- Transcriptions of Early Recorded Jazz
In April and October 1927 Sam Morgan’s Jazz Band recorded eight tracks in New Orleans. These were the band’s only recordings. Even in jazz circles, Sam Morgan is not a household name, like Louis Armstrong or Sidney Bechet or Jelly Roll Morton. But for those who love jazz, the two Morgan sessions are highly regarded as rare and crucial representations of how African American jazz continued in New Orleans after these more famous players left.
This transcription of the complete recorded works of Sam Morgan’s Jazz Band is a model of how the musicological tradition of scholarly critical editions might be applied to jazz. In the 1970s, scholars involved in the emerging intersection of musicology and jazz were hopeful that eventually there would be many such volumes functioning as parallels to editions of Western art music, whether complete works, anthologies of study scores, or critical analyses of particular works. The hopeful thinking was wishful thinking. As Anthony Cummings notes in his preface, the Morgan volume constitutes a major addition to a very small body of such publications: James Dapogny’s edition of the complete piano works of Jelly Roll Morton (Jelly Roll Morton, The Collected Piano Music, ed. James Dapogny [Washington, DC: Smithsonian Institution Press; New York: G. Schirmer, 1982]); Joscelyn Godwin’s edition of the Louis Armstrong and Earl Hines duo “Weatherbird” from 1928 (Schirmer Scores: A Repertory of Western Music, ed. Joscelyn Godwin [New York: Schirmer Books, 1975], 414–22); three Duke Ellington pieces in the Smithsonian Jazz Master-works series edited by Gunther Schuller (Daybreak Express: 1933, Jazz Masterworks Editions, 1 [Washington, DC: Smithsonian Institution, 1993], Take the “ A” Train, Jazz Masterworks Editions, 2 [Washington, DC: Smithsonian Institution, 1993], and Sepia Panorama: 1940, Jazz Masterworks [End Page 529] Editions, 3 [Washington, DC: Smithsonian Institution, 1995]); and Jeffrey Taylor’s edition of selected piano solos by Hines (Earl “Fatha” Hines, Selected Piano Solos, 1928–1941, Recent Researches in American Music, 56; and Music of the United States of America, 15 [Middleton, WI: Published for the American Musicological Society by A-R Editions, 2006]).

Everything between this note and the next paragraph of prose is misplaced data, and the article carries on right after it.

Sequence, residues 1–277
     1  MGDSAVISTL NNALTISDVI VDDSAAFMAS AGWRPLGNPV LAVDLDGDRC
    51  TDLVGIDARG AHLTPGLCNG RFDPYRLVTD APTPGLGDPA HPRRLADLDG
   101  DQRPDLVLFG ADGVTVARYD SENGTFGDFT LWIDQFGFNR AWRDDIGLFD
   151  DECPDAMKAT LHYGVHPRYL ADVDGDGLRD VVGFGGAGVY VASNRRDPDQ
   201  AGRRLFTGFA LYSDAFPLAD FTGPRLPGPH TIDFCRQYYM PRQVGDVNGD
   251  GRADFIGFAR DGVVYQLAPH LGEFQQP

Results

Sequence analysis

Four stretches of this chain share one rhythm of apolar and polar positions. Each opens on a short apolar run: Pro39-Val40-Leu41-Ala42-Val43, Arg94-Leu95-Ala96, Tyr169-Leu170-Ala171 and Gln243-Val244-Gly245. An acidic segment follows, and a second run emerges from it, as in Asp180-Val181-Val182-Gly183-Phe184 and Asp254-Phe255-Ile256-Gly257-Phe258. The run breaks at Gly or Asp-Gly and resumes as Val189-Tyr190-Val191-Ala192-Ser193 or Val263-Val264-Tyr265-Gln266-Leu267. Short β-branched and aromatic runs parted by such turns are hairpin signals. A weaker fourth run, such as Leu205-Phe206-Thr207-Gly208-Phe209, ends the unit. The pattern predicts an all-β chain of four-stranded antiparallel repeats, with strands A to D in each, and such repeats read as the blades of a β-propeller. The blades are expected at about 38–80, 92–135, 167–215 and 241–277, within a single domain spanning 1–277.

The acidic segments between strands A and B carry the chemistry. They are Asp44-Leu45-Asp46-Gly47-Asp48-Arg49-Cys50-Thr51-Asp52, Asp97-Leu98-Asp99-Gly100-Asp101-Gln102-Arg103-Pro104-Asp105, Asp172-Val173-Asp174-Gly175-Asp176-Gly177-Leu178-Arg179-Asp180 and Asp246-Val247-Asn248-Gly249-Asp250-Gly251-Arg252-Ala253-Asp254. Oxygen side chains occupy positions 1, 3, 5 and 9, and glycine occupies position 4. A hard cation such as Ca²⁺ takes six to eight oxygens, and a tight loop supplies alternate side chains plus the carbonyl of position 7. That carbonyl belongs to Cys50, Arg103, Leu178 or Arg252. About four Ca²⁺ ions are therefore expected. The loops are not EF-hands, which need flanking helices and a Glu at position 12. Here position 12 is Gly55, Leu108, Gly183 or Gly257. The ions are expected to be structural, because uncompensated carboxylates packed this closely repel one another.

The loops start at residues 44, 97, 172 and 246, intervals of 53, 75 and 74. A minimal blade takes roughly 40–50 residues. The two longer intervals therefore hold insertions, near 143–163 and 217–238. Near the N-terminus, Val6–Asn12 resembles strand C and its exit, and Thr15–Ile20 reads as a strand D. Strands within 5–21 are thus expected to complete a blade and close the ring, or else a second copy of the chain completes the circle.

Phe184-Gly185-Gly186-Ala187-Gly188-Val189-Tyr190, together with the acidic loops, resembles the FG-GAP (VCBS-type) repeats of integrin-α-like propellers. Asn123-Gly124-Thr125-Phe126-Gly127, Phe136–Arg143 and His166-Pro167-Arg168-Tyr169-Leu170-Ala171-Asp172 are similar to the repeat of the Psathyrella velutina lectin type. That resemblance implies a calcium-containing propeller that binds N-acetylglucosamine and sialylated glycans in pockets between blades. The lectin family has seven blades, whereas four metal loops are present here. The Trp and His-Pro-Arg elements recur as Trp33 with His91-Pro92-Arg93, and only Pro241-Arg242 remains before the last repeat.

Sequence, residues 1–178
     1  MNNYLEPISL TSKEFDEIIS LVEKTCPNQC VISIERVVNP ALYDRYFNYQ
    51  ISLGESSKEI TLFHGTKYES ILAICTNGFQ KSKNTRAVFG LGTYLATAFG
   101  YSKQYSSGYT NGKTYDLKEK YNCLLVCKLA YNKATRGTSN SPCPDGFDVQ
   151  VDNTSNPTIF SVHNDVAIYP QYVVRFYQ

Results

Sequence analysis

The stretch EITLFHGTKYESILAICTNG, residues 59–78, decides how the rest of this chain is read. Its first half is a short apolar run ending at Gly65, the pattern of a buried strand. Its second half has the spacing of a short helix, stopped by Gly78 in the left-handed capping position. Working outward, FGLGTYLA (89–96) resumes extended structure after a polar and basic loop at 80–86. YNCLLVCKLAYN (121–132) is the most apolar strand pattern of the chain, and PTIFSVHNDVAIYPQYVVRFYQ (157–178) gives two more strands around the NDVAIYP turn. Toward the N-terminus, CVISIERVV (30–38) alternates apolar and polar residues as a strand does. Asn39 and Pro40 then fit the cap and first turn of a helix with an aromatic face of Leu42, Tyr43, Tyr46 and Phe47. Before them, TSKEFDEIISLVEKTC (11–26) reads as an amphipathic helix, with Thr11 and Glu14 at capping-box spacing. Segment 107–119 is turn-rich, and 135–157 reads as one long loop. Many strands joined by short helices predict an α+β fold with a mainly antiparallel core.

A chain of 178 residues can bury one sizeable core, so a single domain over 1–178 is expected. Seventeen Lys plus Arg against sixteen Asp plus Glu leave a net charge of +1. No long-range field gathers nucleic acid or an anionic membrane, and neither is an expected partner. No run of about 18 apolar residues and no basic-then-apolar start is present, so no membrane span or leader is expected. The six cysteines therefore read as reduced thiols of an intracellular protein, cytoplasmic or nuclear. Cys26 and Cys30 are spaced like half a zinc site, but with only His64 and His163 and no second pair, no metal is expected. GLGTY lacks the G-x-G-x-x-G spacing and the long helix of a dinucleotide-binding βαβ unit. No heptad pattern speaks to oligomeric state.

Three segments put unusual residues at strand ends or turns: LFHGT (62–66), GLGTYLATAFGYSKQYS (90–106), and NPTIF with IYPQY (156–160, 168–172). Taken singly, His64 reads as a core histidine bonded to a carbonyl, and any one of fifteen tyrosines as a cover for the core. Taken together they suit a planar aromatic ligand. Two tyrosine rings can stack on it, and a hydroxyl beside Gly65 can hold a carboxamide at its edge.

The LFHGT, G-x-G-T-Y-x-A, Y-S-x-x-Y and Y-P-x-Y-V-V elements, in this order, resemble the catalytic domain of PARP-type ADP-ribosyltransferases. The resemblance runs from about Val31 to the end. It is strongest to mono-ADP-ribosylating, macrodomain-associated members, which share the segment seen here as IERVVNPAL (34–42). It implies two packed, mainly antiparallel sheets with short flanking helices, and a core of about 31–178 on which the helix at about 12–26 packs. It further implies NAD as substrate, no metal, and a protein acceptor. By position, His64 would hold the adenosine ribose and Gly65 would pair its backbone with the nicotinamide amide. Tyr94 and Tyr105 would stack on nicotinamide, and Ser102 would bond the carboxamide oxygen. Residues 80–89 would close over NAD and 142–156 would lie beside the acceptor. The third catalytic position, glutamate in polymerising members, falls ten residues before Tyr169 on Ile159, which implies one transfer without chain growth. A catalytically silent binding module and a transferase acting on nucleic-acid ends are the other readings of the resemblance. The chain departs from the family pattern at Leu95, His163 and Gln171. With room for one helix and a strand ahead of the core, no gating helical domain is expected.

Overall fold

This story, however, has another component, of which Cummings is perhaps unaware: the Essentially Ellington and Essential Jazz Editions projects. As director of Jazz at Lincoln Center, Wynton Marsalis conceived and executed the Essentially Ellington project. Since 1995 he has overseen the distribution to American high schools of free copies of more than one hundred big-band transcriptions, with new transcriptions coming out at the rate of about six per year. Most of these transcriptions are the work of David Berger, who had been transcribing for decades before Marsalis came up with his plan for disseminating Duke Ellington’s music to America. The Essentially Ellington Web site proudly announces that by 2010 the institution had distributed more than 90,000 copies to roughly 4,500 schools (see http://jalc.org/learn/teachers-students/essentially-ellington/about-the-program, accessed 20 November 2013). The repertory derives mainly from the recordings of Duke Ellington, but “in 2008, Jazz at Lincoln Center began including non-Ellington repertoire. . . . While the music of Duke Ellington will always be central to EE, the program now explores other important big band arrangers and composers as well—one each year. Featured artists have included Mary Lou Williams, Count Basie and Dizzy Gillespie” (from the same Web page).
In 1999, in collaboration with Jazz at Lincoln Center and the Library of Congress, the Smithsonian established Essential Jazz Editions, published by Warner Bros. (and later acquired by Alfred Publishing Co., Inc.). David...